Attracting women to engineering and harnessing the convergence of technology and engineering are the two big challenges facing the engineering profession today, Regina Moran, President of Engineers Ireland and CEO of Fujitsu (Ireland) told a packed auditorium of engineering and technology students at Waterford Institute of Technology (WIT) today.
Ms Moran, who’s an Electronic Engineering graduate from WIT, went on to explain that “women remain a great untapped resource in our profession. We must find ways of attracting girls and boys to join forces with us and tackle some of the world’s greatest challenges”.
“The numbers of women working in engineering roles is still far too small with only 8 per cent of Engineers Ireland membership being female,” she said. “However, there are some positive signals and more women are now choosing engineering and recognise the variety of opportunities available to them in critical areas such as technology, energy and life-sciences.”
Ms Moran points out that there are other challenges, and opportunities, for engineering and none more so than the convergence between all forms of engineering and technology. “You cannot design a bridge without technology, and you cannot design a smart phone without engineering”, she explains.
“It’s an exciting time to be an engineer as technology and engineering impacts upon our lives in ways we couldn’t have imagined 10 years ago. In 2013, 10 billion devices were connected to the interest. We expect this to reach 50 billion by 2020. The Internet of Things, our hyper-connected world, Big Data are just some of the trends that will impact on engineering and will affect how we as engineers come together to solve some of the world’s greatest challenges. If we are to leverage all this potential, we will need many more highly skilled engineers, both men and women.”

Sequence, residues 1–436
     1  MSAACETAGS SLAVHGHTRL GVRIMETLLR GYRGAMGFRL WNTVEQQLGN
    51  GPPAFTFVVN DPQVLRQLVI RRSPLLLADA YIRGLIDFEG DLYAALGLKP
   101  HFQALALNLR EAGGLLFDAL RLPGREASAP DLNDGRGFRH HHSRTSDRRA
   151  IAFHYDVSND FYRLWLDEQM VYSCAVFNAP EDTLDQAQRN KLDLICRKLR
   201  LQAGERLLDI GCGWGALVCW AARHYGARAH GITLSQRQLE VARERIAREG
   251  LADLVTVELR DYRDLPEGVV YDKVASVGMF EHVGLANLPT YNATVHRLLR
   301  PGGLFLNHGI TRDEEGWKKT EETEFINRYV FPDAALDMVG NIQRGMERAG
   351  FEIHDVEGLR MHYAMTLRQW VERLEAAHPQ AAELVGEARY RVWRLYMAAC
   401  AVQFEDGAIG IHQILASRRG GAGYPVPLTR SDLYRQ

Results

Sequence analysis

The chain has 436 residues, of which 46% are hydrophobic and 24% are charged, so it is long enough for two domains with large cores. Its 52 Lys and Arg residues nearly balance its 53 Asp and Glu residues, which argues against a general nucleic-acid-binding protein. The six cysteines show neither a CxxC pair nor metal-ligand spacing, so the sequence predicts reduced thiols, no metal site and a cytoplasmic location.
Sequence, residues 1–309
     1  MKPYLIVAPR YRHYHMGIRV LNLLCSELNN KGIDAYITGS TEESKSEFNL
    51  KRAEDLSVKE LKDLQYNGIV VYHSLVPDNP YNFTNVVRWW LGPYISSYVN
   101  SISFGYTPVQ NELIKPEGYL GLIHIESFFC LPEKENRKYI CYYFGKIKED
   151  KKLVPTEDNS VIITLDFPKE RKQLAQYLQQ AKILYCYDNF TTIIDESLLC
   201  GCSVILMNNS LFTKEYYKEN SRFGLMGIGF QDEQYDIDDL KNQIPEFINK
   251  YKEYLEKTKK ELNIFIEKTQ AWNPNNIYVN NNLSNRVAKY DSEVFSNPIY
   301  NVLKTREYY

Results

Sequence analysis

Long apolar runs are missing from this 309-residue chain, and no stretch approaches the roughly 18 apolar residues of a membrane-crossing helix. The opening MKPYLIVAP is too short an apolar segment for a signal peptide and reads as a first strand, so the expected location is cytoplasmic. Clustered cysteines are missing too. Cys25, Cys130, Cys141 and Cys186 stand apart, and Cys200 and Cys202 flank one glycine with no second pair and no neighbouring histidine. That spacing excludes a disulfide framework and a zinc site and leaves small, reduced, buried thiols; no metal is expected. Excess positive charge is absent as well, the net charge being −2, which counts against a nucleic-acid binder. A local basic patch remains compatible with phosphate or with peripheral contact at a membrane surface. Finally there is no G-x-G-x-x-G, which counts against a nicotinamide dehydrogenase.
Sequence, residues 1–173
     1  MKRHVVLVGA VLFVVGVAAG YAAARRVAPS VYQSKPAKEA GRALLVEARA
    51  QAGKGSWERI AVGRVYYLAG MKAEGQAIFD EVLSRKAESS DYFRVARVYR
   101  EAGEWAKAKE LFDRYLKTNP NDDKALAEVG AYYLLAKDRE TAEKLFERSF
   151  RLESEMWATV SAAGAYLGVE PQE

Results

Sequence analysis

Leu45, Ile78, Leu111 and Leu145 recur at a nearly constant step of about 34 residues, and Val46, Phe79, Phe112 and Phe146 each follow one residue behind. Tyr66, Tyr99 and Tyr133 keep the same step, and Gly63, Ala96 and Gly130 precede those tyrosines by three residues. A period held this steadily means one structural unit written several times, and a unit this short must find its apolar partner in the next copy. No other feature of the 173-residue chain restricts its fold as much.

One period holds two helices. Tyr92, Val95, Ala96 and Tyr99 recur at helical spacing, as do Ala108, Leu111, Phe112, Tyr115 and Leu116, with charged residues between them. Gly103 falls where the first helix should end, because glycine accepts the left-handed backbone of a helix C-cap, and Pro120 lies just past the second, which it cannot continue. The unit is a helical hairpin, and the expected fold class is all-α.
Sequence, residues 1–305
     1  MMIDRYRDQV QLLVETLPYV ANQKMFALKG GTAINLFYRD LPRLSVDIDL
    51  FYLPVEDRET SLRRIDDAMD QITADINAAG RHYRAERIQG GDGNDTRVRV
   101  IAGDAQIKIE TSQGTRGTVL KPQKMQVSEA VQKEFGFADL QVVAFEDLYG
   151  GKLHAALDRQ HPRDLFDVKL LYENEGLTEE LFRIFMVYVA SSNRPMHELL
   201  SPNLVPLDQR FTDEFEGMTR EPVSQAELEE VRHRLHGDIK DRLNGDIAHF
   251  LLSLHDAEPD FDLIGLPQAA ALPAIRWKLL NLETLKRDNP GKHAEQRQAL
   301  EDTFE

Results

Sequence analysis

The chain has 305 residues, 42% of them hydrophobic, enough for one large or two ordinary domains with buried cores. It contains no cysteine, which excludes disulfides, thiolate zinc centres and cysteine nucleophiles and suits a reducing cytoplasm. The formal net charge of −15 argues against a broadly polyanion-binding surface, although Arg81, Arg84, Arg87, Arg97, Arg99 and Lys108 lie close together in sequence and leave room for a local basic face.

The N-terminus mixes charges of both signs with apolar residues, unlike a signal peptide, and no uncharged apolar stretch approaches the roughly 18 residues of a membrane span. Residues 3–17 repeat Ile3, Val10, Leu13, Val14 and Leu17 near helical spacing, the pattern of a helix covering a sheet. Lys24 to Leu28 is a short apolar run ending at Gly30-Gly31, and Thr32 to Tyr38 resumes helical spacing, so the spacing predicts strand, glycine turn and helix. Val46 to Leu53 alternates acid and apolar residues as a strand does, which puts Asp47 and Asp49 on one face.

Dr Ken Thomas, Head of the School of Engineering at WIT said that “Regina’s talk was truly inspirational and her passion to ensure that engineers in Ireland remain at the cutting edge of technological developments is very evident and very welcome.
“The School of Engineering works closely with Engineers Ireland to attract more students into all engineering disciplines and to ensure we deliver quality students to the market through our accredited programmes. It’s very important to us that our courses are connected to market needs and that our graduates can contribute in a significant way within their roles and we work directly with industry in developing a portfolio of full and part-time programmes up to post-doctoral level to meet those needs.”
Ms Moran was in Waterford promoting engineering to schools and college students ahead of Engineers Week which starts on Monday. Engineers Week involves over 500 educational and interactive events taking place across the island of Ireland.
For more information on engineering programmes at WIT, visit www.wit.ie/engineering.